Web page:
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The objection by eight states to the price pooling arrangement planned by Coal India (CIL) to keep an uninterrupted supply of coal to power plants introduces an additional layer of complication in the sector.
The eight coal rich states do not want a pooling mechanism claiming it will take away their location advantage. Power plants will not find any advantage to locate themselves in the states, they argue.
Pooled coal incidentally, refers to the supply of the mineral that CIL will make to downstream utilities by blending imported coal with domestic supplies. Since the gap between domestic supply and demand is increasing the role of this pooled coal as a gap filling measure is increasing sharply. Faced with the opposition, the Prime Minister's Office, which had drafted the fuel supply agreements between CIL and power companies in February this year, has now asked the public sector companies to reach out to the states, an unfair demand.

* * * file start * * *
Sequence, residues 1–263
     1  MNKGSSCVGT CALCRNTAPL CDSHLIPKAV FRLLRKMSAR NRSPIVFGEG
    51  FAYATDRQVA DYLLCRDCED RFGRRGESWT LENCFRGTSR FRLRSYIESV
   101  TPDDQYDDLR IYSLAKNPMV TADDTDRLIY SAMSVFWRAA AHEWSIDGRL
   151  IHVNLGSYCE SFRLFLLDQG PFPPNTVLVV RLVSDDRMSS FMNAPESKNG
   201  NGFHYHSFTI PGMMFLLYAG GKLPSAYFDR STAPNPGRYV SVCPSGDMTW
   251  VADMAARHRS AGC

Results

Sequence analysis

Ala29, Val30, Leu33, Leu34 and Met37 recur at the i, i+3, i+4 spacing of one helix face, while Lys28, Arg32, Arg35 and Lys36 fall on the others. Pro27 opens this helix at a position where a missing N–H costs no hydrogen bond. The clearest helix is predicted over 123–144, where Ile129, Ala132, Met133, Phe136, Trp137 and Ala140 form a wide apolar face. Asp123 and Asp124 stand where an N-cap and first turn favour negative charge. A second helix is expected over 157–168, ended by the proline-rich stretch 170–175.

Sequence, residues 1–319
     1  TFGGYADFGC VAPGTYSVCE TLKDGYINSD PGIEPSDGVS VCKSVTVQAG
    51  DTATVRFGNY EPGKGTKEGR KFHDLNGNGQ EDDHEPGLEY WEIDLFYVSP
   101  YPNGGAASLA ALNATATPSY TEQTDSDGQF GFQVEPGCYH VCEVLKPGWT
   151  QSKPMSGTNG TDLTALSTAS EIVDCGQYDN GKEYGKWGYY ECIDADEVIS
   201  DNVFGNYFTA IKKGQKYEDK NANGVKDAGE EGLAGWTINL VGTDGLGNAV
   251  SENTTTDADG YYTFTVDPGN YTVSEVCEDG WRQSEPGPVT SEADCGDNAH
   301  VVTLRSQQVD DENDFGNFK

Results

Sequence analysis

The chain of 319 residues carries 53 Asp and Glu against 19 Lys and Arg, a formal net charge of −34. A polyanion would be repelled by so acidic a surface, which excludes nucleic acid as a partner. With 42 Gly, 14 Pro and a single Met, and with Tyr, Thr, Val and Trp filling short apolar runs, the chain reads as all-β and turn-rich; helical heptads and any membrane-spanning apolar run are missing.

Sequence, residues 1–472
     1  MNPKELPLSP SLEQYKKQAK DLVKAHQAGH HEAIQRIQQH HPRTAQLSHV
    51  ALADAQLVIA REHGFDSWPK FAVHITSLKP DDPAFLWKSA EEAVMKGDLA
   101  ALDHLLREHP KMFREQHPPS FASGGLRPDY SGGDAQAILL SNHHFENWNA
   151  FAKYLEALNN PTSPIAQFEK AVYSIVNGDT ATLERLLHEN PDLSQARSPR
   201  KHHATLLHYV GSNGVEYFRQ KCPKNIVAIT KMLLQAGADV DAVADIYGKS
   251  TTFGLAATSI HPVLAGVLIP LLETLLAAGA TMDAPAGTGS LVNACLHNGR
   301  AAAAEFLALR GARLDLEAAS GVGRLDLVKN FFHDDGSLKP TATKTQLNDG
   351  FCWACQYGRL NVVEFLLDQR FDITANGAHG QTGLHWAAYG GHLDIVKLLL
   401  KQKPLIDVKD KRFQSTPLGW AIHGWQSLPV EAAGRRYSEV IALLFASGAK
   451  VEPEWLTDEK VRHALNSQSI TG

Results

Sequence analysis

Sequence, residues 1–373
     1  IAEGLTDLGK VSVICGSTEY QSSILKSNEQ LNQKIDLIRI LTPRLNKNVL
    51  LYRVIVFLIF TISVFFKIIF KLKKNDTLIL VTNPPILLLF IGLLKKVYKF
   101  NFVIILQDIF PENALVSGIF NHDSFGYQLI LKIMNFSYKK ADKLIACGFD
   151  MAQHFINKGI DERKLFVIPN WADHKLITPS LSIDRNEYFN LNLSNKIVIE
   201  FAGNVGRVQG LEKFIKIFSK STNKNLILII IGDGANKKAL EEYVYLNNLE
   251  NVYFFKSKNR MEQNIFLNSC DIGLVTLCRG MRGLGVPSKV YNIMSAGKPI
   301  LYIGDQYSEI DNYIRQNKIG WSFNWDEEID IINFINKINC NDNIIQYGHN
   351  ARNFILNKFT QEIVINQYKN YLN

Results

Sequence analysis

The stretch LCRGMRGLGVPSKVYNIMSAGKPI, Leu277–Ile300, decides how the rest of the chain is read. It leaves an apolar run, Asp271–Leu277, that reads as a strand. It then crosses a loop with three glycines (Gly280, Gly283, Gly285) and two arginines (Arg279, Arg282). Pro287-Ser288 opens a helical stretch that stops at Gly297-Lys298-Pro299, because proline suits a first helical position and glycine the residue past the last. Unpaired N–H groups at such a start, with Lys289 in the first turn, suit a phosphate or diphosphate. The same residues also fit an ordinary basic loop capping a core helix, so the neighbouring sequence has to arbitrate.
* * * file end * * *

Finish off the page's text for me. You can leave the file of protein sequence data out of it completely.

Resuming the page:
The state governments claim pooling will increase the price of power, as coal prices are now supposed to be pass through for generation companies-a genuine apprehension. The opposition from the states is in addition to that from independent directors of CIL who have warned that the company could face a Rs 60,000 crore ($12 billion) of losses over the next 20 years if it imports 20 million tonne of coal as a sort of canalising agency.
This is a piquant situation for the sector where every attempt to break the gridlock of low supply-single seller-high demand-high price is coming unstuck. So coal is not being mined adequately to meet demand; of the quantum mined nearly 43 million tonne is lying at the pitheads as there are no rail heads; and imports of coal is turning out to be more attractive. A good example is West Bengal. Despite ranking third in the output list of CIL, the state's pithead price of coal is more than imported coal.